Dr Susan Poats, lead researcher on the first phase of the project, summed up her view of the situation this way: “Rather than destroying the páramo trying to build dams, let’s work on the social and organizational aspects of water. Let’s use water more efficiently. And let’s deal with the fact that people who live in the upper part of the watershed are stealing water from those who live at the bottom of the watershed.”

Using water more efficiently meant doing something about the ineffective system for water allocation covered by national legislation. Researchers examined water flow through the earth-lined, leaky, and very long irrigation canals, many of which are so old that they predate the arrival of Europeans in the country. Losses were found to be “very significant.”

Compounding the problem, the researchers also found that the official data on the volume of water flowing through the watershed “no longer reflected reality.” Neither stream flow nor water withdrawals were measured in a reliable way, and the available data was out of date. So, while downstream users sometimes had no water at all for several weeks, the state’s 15-year-old records showed that the total water concessions in the El Angel watershed were still less than the available flow — that in fact there was a surplus of water.

The irrigation systems are managed by water user associations, and formal applications for water withdrawals are processed by a state-employed water adjudicator. But without reliable data on which to base judgements, it was impossible to satisfy users. Farmer Miguel Angel Cuaspud voiced the frustration of many when he told the researchers, “The government granted me a right to use water three years ago, but it is water that does not exist.”

A better picture

What was needed was more and better data. The researchers devised a simple water flow meter that could be built and used locally. By involving local people in regular participatory monitoring of key points in the irrigation network, they built up a much better picture of actual flows and uses. Soon the water adjudicator, Pedro Loyo, began to use the evidence collected by the research team, refusing applications for more water extraction on the grounds that existing flows were inadequate. “Otherwise it is like giving a cheque with no money. I don’t want to cheat people,” Loyo explained.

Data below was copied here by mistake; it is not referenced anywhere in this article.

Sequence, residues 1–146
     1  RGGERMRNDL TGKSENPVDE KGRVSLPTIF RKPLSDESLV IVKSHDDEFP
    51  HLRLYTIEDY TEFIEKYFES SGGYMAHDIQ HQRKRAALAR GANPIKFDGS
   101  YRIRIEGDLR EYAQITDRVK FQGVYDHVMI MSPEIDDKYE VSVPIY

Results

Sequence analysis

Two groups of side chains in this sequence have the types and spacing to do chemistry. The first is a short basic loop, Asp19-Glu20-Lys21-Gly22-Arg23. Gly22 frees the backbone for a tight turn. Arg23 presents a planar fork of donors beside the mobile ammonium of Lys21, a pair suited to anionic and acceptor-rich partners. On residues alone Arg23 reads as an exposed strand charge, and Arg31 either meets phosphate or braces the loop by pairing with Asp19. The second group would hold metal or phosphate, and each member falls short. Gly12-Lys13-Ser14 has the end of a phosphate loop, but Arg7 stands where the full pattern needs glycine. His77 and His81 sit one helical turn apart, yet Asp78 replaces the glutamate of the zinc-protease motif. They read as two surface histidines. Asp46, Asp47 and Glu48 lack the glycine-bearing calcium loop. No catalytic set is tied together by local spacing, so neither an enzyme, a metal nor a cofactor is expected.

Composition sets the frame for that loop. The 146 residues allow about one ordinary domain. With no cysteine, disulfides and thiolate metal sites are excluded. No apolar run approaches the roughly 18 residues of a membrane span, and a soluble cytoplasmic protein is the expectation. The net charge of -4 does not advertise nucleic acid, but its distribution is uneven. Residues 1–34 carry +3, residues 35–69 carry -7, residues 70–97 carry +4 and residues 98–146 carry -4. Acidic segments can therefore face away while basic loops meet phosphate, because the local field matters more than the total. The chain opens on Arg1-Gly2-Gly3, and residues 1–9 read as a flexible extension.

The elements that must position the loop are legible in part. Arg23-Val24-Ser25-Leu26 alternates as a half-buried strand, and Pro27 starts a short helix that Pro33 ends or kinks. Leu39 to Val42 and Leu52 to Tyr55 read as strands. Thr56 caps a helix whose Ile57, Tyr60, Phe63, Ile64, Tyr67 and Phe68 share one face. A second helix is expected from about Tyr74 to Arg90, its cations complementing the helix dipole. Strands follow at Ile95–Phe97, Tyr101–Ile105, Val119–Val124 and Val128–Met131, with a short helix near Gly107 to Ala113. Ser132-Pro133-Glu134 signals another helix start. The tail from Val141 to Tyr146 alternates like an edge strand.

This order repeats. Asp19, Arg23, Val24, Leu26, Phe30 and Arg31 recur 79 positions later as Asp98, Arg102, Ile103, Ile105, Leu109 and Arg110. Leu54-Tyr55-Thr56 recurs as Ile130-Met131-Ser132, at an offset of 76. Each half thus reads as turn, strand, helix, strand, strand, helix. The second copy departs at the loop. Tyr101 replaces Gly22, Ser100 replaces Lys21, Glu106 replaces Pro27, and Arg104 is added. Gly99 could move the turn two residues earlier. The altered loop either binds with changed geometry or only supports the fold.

So it was that the people of the El Angel watershed were forced to realize that their livelihoods were inextricably bound together by the flow of water through those leaky canals. “I have used the information from Manrecur and my own understanding as a civil engineer,” said Loyo. ”Together, working with the project, we can see what we can do to rehabilitate the area — to improve the canals and reservoirs.”

A change in attitude was soon evident. In one case, the new data from the research team revealed that the upstream municipality of Espejo was illegally withdrawing more water than it was entitled to. The population of Espejo had grown, as had its water needs. But now that adjudicator Loyo had frozen all new concessions, the stealing had to stop. And without a legal concession the municipality could not obtain state funds to invest in new potable water supplies.

The situation called for a new approach to the water shortage problem — one that was legal. So the local government in Espejo worked with the downstream municipality affected by the illegal water withdrawals, and a joint solution was found: both municipalities invested in the rehabilitation of an old reservoir. The cooperative action, and the increased awareness of downstream impacts by officials in Espejo, ensured that water use would be more carefully monitored in future.

The mayor of Espejo, Renan Flores, admits that the incident has forced his community to think differently about water, and especially about the páramo. “Now we are living in a world crisis with respect to water,” he says. ”If we don’t invest in protecting and taking care of our water resources, in five years it will be finished.”

Important innovation

To understand the system and its problems better, the researchers needed an integrated assessment of the entire watershed — its hydrology and resources — that could be analyzed using geographic information systems (GIS) technology. This led to an important innovation in information sharing: the Carchi Consortium, which was started by the researchers as a forum to share data on the El Angel watershed. The aim was to bring together not just researchers and local officials, but also ordinary citizens, representatives of NGOs, and national and international agencies.